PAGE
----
MARTINIQUE, an island of the West Indies, belonging to the chain of the Lesser Antilles, and constituting a French colony, between the British islands of Dominica and St Lucia, 25 m. S. of the one and 20 m. N. of the other, about 14 40' N., 61 W. Its length is 40 m., its greatest width 21 m.; and the area comprises 380 sq. m. A cluster of volcanic mountains in the north, a similar group in the south, and a line of lower heights between them, form the backbone of the island. Its deep ravines and precipitous escarpments are reduced in appearance to gentle undulations by the drapery of the forests. The massif of Mont Pele in the north is the culminating point of the island (4430 ft.); that of Carbet is little inferior (3963 ft.), but the mountains in the south are much lower. Mont Pele is notorious for an appalling eruption in May 1902.
Of the numerous streams which traverse the few miles of country between the watershed and the sea (the longest radiating from Mount Carbet), about seventy-five are of considerable size, and in the rainy season become deep and often destructive torrents. On the northwest and north the coast is elevated and bold; and similarly on the south, where a lateral range, branching from the backbone of the island, forms a blunt peninsula bounding the low-shored western bay of Fort de France on the south. Another peninsula, called Carayelle, projects from the middle part of the east coast, and south of this the coast is low and fretted, with many islets and cays lying off it. Coral reefs occur especially in this locality. Plains, most numerous and extensive in the south, occupy about one-third of the total area of the island.
The mean annual temperature is 80 F. in the coast region, the monthly mean for June being 83", and that for January 77. Of the annual rainfall of 87 in., August has the heaviest share (11-3 in.), though the rainy season extends from June to October; March, the driest month has 3-7. Martinique enjoys a marked immunity from hurricanes. The low coastal districts are not very healthy for Europeans in the hotter months, but there are numerous sanatoria in the forest region at an elevation of about 1500 ft., where the average temperature is some 10 F. lower than that already quoted. The north winds which prevail from November to February are comparatively fresh and dry; those from the south (July to October) are damp and warm. From March to June easterly winds are prevalent.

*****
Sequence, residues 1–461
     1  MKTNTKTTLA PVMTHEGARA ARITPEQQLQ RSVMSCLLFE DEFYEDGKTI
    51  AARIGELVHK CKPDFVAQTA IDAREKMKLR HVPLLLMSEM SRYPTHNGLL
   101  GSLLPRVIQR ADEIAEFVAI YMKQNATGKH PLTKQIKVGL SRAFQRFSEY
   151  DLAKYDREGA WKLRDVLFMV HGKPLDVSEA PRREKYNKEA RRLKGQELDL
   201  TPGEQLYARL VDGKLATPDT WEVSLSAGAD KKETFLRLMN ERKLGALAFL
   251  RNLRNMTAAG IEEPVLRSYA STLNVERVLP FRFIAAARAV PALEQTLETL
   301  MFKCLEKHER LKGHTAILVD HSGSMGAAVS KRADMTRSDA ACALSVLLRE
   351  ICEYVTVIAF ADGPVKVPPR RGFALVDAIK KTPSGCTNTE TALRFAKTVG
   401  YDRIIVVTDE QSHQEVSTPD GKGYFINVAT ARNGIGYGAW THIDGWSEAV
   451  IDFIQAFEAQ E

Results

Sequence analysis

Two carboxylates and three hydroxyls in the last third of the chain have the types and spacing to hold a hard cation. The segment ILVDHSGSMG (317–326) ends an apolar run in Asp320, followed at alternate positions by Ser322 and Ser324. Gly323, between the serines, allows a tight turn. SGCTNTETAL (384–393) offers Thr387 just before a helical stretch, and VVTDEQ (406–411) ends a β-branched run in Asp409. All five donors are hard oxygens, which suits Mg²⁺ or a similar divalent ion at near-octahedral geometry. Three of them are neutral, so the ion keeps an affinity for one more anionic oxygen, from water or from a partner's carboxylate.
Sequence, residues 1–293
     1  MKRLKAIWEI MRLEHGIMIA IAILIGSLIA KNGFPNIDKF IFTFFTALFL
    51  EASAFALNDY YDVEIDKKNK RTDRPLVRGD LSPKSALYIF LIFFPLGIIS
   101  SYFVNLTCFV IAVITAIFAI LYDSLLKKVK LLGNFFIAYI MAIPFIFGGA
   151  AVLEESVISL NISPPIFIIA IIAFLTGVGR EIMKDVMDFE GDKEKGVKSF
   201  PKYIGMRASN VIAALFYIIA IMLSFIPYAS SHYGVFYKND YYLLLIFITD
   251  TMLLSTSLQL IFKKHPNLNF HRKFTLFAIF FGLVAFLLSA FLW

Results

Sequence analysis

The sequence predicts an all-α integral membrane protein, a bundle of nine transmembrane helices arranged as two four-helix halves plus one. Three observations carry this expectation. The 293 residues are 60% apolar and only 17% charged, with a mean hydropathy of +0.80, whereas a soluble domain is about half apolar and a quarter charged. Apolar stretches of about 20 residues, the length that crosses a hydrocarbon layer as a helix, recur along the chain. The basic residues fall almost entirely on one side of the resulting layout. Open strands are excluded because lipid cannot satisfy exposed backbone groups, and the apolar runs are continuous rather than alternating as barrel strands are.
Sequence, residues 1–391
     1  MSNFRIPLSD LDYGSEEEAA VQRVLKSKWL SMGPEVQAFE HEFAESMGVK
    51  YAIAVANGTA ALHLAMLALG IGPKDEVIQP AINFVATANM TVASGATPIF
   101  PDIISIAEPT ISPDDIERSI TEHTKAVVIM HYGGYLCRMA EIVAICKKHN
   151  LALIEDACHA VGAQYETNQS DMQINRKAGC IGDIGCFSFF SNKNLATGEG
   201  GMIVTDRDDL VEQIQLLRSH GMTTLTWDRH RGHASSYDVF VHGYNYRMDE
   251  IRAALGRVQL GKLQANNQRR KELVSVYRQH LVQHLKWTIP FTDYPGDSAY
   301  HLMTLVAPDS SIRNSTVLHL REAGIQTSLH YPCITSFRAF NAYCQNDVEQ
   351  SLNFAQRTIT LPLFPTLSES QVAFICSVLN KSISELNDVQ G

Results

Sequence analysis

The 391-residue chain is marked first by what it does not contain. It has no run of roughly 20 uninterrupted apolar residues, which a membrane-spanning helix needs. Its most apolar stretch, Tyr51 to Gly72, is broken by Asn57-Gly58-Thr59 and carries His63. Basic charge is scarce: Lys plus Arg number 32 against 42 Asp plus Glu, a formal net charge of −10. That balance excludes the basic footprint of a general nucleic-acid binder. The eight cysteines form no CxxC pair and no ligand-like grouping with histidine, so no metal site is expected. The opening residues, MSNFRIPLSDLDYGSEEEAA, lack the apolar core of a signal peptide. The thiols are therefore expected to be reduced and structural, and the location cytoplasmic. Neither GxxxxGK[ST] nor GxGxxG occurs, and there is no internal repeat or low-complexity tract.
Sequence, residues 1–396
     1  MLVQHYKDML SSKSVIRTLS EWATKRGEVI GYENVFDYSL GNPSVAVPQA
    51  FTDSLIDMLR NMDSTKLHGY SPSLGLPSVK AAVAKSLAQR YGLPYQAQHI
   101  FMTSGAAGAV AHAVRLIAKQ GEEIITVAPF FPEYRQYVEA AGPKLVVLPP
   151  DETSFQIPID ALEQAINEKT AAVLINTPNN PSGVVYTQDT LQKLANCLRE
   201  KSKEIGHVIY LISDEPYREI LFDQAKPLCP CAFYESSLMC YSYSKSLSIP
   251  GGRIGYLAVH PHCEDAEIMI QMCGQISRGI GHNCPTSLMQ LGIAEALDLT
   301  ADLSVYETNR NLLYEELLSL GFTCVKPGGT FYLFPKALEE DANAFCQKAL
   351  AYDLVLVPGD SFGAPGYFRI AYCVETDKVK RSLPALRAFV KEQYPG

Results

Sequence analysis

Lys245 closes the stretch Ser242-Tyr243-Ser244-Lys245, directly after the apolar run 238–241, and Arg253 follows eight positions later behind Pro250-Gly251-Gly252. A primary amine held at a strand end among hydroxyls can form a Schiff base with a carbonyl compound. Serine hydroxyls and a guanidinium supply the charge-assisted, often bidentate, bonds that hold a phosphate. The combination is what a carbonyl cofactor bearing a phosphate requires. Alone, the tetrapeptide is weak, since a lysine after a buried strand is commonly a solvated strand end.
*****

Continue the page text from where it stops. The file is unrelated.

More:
The population increased from 162,861 in 1878 to 175,863 in 1888 and 203,781 in 1001. In 1902 the great eruption of Mont Pele occurred, and in 1005 the population was only 182,024. The bulk of the population consists of Creole negroes and halfcastes of various grades, ranging from the " Saccatra," who has retained hardly any trace of Caucasian blood, to the so-called " Sangmle," with only a suspicion of negro commixture. The capital of the island is Fort de France, on the west-coast bay of the same name, with a fine harbour defended by three forts, and a population of 18,000. The other principal centres of population are, on the west coast Lamentin, on the same bay as the capital, and on the east coast Le Francois and Le Robert. The colony is administered by a governor and a general council, and returns a senator and two deputies. There are elective municipal councils. The chief product is sugar, and some coffee, cocoa, tobacco and cotton are grown. The island is served by British, French and American steamship lines, and local communications are carried on by small coasting steamers and by subsidized mail coaches, as there are excellent roads. In 1905 the total value of the exports, consisting mainly of sugar, rum and cocoa, was 725,460, France taking by far the greater part, while imports were valued at 596,294, of which rather more than one-half by value came from France, the United States of America being the next principal importing country. In 1903, the year following the eruption of Mont Pele, exports were valued at 604,163.